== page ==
I do think more people have to start thinking of themselves as potentially essential workers and demand, not the working remotely (unless they can do their job that way; some people can) or not working at all, but, instead, the best practices protection to be able to work in person.

    Unfortunately, I think schools have a bad track record at providing that safety, and, won’t have the resources to do so.

    What makes me saddest is how confrontational all these interactions are. People are fighting over dysfunctional solutions and we’ll get the worst of all worlds if they do.


    1. We’re going to get the worst. It looks like by the election, there will be pretty close to 1% of the U.S. dead from Covid. That’s not something you can win an election on as an incumbent if the election is about governing. That means more denial and “won’t somebody think of the statues” and attacking the people who could actually run a reasonable response.


      1. MH said, “We’re going to get the worst. It looks like by the election, there will be pretty close to 1% of the U.S. dead from Covid.”

        That is close to mathematically impossible.

        100% of the US would have to get COVID to have 1% of the population die of COVID.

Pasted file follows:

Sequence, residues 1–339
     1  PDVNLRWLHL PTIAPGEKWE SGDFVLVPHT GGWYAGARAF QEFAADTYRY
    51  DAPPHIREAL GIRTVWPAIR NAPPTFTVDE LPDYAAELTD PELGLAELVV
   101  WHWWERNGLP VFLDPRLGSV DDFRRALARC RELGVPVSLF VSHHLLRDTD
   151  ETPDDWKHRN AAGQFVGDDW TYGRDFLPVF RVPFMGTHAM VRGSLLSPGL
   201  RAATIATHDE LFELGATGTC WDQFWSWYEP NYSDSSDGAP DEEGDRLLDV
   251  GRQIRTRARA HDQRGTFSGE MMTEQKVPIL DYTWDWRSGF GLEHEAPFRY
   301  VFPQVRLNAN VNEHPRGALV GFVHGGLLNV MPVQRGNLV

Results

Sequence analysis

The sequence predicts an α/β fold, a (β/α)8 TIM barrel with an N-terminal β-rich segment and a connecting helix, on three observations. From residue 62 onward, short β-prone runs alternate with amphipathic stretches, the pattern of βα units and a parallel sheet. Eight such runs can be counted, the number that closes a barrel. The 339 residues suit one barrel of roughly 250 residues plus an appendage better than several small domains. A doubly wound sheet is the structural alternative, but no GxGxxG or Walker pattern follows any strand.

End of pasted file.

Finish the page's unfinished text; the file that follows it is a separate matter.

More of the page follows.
2. I think the worst case is probably something like .5%. But even if there’s no vaccine or sound policy, that will take longer than November.


  9. I find the restaurant analogy only a partial parallel. The other is health care locations. We can make rules about distancing for restaurants, but less so for schools. Kindergartners aren’t going to distance and, pretty much, neither are college students. Putting teachers or college administrators in policing the behavior of those groups isn’t going to work. So, I think we have to have scenarios presuming no distancing (which means protective equipment)and to have scenarios of what we do when coronavirus infections are detected.


    1. And the ‘stop’, ‘start’ problem is pretty severe as well. Starting up classes, then closing them down again when there’s a Covid case, then going online, then starting up again, — repeatedly — is a really bad model for any form of education. Constant change is much worse than just sticking with a solution (even if the solution isn’t perfect).

      But, what are the alternatives?
      * Go online – for how long? Forever? Because Covid isn’t going to just disappear…. We know that online education isn’t a great (or even a viable) option for everyone.
      * Just keep the classes running – regardless of Covid infection rates. (So you stay at home if you have symptoms, but just don’t worry, otherwise). Not going to fly with teacher unions (even if it did with parents). Given that Covid in general has minor effects for most kids – this can actually be defended as an option for education. The issue, however, isn’t the kids getting infected, it’s that they pass that infection onto their families….
      * Open up schools with reduced class sizes (run morning/afternoon sessions)? Can’t see that this helps materially. Kids will still interact in the playground and classroom….